there's a lot of people in my grad program who are really clueless and are like 'welp I'll just be a teacher!' while I kill myself networking/setting myself up for later. and then they come up to me and are like 'how are you the adjunct advisor in the department?' 'how do you have this job?' 'how did you get that internship?' and its cause i went out there and got em! hard work.

Dammit, teger, you're starting to sound like me!

:fistbump:
 

Teger

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I've always said that. I think that the humanities job placement statistics are screwed because humanities encompasses so many majors, and a lot of people 'fall' into programs like psychology or anthropology because they can't make the GPA reqs in other departments. if you work hard and make connections then you can land a job with any major.

as part of my advising job i put together a 3 day long 'career week' for my department. we had 20 speakers come in and speak about resume building, networking, etc. was really great (and is a great resume line for me). sadly very few students took advantage of it, and those who did were seniors.. and I'm sure it helped, but when you're a senior it's almost too late.
 
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Gibonius

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or if you major in the humanities get internships, work study and work experience, and learn how to explain your degree to prospective employers.
there's a lot of people in my grad program who are really clueless and are like 'welp I'll just be a teacher!' while I kill myself networking/setting myself up for later. and then they come up to me and are like 'how are you the adjunct advisor in the department?' 'how do you have this job?' 'how did you get that internship?' and its cause i went out there and got em! hard work.
I found science academics to be interesting in that regard. You spend a lot of time and energy learning how to do research, play the right games for academics, but much of that will not help you get a job. And your adviser is frequently either not interested or not knowledgeable about what you ought to be doing to get a job after graduation provided you don't want to go into academics. It makes for tough transitions for a lot of people.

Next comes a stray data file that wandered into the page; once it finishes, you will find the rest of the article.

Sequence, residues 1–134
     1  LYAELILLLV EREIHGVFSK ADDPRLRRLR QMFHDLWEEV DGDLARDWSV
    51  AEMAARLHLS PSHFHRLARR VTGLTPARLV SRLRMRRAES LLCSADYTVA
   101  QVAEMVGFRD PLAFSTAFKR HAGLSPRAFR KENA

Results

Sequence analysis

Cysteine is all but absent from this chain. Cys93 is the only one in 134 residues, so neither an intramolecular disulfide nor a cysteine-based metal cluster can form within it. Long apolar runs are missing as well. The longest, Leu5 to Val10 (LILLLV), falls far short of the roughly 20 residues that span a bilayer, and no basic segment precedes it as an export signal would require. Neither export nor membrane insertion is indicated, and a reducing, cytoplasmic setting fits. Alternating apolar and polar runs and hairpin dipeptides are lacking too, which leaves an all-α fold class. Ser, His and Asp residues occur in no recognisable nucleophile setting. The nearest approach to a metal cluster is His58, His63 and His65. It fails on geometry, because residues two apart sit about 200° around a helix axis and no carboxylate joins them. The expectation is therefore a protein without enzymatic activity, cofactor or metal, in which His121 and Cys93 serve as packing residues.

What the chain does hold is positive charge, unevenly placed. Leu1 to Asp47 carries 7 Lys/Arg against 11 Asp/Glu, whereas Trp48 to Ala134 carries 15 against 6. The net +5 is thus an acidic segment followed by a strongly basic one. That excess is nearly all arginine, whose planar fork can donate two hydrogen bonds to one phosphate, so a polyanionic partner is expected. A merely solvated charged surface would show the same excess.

My department did almost nothing to guide us into developing a network or pursuing career opportunities before graduation. The school career center did some stuff, but they don't really understand specialized markets very well. Looking back, I could have done a lot of really good stuff (internships that provided security clearances, for one) but simply had no idea they existed or would be important.

Lesson: major in economics, finance, statistics, math, computer science, any type of engineering, physics, chemistry, biology, or accounting.

While there's strong demand in science, education
I have a number of friends who are teachers in the sciences who are seriously underemployed (teaching one or two classes at community colleges). It's also not any kind of a sure deal to find a decent job in chemistry (and for damn sure not in physics) unless you had the foresight to get into a branch that's in demand. That's not at all obvious when you're trying to plan your career in the early stages. Then again, chemists have been historically very spoiled: had something like 3% unemployment for a very long time, so there was huge demand even for brand new grads. Less so right now. I assume it will recover, but it's bad timing for those of us who happen to be entering the market.

Engineering seems pretty solid, more companies are more interested in implementation than basic R&D right now so far as I can tell.
 
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Concordia

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My brother-in-law got a PhD in chemistry from one of the top universities in his field, and further appalled his lawyer father by announcing that he wanted to teach high school. He moved to the middle of nowhere in Illinois (where my sister got a job teaching undergrads with HER PhD), and found that the hiring politics in the public schools were so weird that he couldn't get work except for occasional subbing and maintaining the computer center.
 

Teger

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My brother-in-law got a PhD in chemistry from one of the top universities in his field, and further appalled his lawyer father by announcing that he wanted to teach high school. He moved to the middle of nowhere in Illinois (where my sister got a job teaching undergrads with HER PhD), and found that the hiring politics in the public schools were so weird that he couldn't get work except for occasional subbing and maintaining the computer center.

I mean, does he have a teaching degree? because simply having a PhD in chemistry doesn't mean you're licensed to teach..
 

junior varsity

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Lesson: major in economics, finance, statistics, math, computer science, any type of engineering, physics, chemistry, biology, or accounting.

:nodding: